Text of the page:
Soccer Injuries

Soccer Injuries

By Tyler Miranda, DPM, DABPM


What is the goal when you or a loved one get out on the soccer field? A goal? A hat-trick? A victory? 

At Advanced Foot Care we believe that an injury free event is just as important as a win.

Soccer is a unique sport and comes with its own risks to foot and ankle health. The nature of the game centers around the skillful use of a player’s feet. Special equipment including cleats, specialized socks, and shin-guards are needed.

Soccer Injuries

An athlete must be in tune with their body. Knowing your body means embracing its structure and capabilities. Understanding the shape and type of your feet is foundational to this knowledge. High arch? Flat foot? Super flexible? Extremely tight? A skilled podiatrist can assess your foot type and structure a plan to limit risk for your specific foot shape.

Many of our soccer playing patients are children. These days kids start playing sports competitively at a very young age. Children playing games, practicing, and training frequently at high intensity can put them at risk for a few kid specific foot and ankle ailments. 

Sever’s disease (Calcaneal Apophysitis) is a commonly seen inflammation of the growth plate located on the back of the heel. Growing, active kids are prone to this. Soccer players are even more at risk due to the low heel in the cleats and the high strain on and around the heel. 

Sever’s disease is treatable with rest, ice, heel lifts, proper cleats, stretching, physical therapy, and custom molded orthotics.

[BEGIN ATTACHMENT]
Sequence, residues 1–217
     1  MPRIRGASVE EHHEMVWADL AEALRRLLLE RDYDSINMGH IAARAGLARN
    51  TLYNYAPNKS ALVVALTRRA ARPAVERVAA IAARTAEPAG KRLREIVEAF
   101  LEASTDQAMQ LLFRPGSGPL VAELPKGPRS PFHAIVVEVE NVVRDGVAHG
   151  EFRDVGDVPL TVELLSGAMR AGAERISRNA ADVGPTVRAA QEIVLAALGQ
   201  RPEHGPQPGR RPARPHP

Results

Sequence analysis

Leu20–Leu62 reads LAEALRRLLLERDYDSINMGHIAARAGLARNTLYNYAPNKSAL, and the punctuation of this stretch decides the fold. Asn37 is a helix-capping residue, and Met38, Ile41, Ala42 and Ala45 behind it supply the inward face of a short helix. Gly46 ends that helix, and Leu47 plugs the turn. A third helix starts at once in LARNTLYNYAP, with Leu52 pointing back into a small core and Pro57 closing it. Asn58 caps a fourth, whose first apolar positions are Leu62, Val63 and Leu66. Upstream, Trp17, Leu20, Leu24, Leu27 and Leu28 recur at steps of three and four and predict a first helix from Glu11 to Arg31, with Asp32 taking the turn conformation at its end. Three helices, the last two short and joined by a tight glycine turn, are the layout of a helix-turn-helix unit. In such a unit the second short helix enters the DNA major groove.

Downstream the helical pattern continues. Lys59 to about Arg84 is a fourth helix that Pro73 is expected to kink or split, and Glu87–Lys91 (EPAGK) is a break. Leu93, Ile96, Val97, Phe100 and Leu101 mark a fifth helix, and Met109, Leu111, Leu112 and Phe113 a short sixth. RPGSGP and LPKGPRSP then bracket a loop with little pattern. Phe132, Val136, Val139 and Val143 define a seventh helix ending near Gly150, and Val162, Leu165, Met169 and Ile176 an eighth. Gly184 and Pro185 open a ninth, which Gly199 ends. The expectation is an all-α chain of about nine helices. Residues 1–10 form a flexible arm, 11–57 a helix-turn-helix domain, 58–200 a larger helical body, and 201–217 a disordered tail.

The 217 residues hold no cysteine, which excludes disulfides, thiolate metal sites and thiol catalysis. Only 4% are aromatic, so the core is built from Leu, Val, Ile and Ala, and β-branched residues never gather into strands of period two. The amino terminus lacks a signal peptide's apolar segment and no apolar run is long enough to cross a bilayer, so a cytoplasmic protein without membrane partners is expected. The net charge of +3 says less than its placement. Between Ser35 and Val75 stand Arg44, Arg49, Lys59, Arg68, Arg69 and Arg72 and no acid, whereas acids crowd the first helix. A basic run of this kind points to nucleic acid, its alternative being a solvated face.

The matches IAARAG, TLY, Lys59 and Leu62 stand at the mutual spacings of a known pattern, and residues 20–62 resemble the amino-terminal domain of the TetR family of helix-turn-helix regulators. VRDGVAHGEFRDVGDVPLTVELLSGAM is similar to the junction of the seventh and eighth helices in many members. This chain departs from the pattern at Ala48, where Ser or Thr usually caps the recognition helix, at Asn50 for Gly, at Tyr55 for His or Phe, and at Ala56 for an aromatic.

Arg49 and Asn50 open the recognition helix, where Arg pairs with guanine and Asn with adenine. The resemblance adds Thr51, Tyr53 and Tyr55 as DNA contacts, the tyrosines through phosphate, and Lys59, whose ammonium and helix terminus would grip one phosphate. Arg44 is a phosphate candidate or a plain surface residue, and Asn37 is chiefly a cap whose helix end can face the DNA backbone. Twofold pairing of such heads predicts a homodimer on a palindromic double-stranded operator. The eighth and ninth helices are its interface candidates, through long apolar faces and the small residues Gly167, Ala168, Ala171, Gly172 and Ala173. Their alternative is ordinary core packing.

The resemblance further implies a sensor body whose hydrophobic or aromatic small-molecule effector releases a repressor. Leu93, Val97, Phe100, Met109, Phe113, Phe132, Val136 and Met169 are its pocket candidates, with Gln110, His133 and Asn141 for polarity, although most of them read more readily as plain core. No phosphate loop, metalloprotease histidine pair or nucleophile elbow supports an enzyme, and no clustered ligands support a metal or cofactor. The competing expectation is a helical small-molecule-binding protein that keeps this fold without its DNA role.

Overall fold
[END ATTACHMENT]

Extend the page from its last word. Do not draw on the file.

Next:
Stress fractures and stress injuries are problems that I frequently see in the office. Usually it’s not the amount of time or the intensity of playing and training that is the problem. The issue is actually the preparation, the gear, and the recovery. The preparation is properly warming up and stretching properly. The gear needs to be right: the cleats need to fit properly, and be laced correctly. If the player needs an orthotic or an ankle brace to prevent excess pressure or abnormal motion it should be fit and applied correctly. When recovering the player should continue to support the foot and ankle, ice when needed, and ensure that stretching is a part of their daily routine – even on off days. During the recovery phase after games and practices the player needs to listen to their body and communicate any warning signs to their parents, their coaches and their trainers. 

Soccer players of all ages demand a lot out of their feet and most of them understand the importance of caring for them. Ankle sprains, calf strains, achilles tendonitis, and plantar fasciitis are all diagnoses that can come along with playing this great game. 

My goal with Advanced Foot Care is to educate and equip my patients with what they need to stay pain free and on the field. We are here for you no matter the concern and would love to be part of your team!

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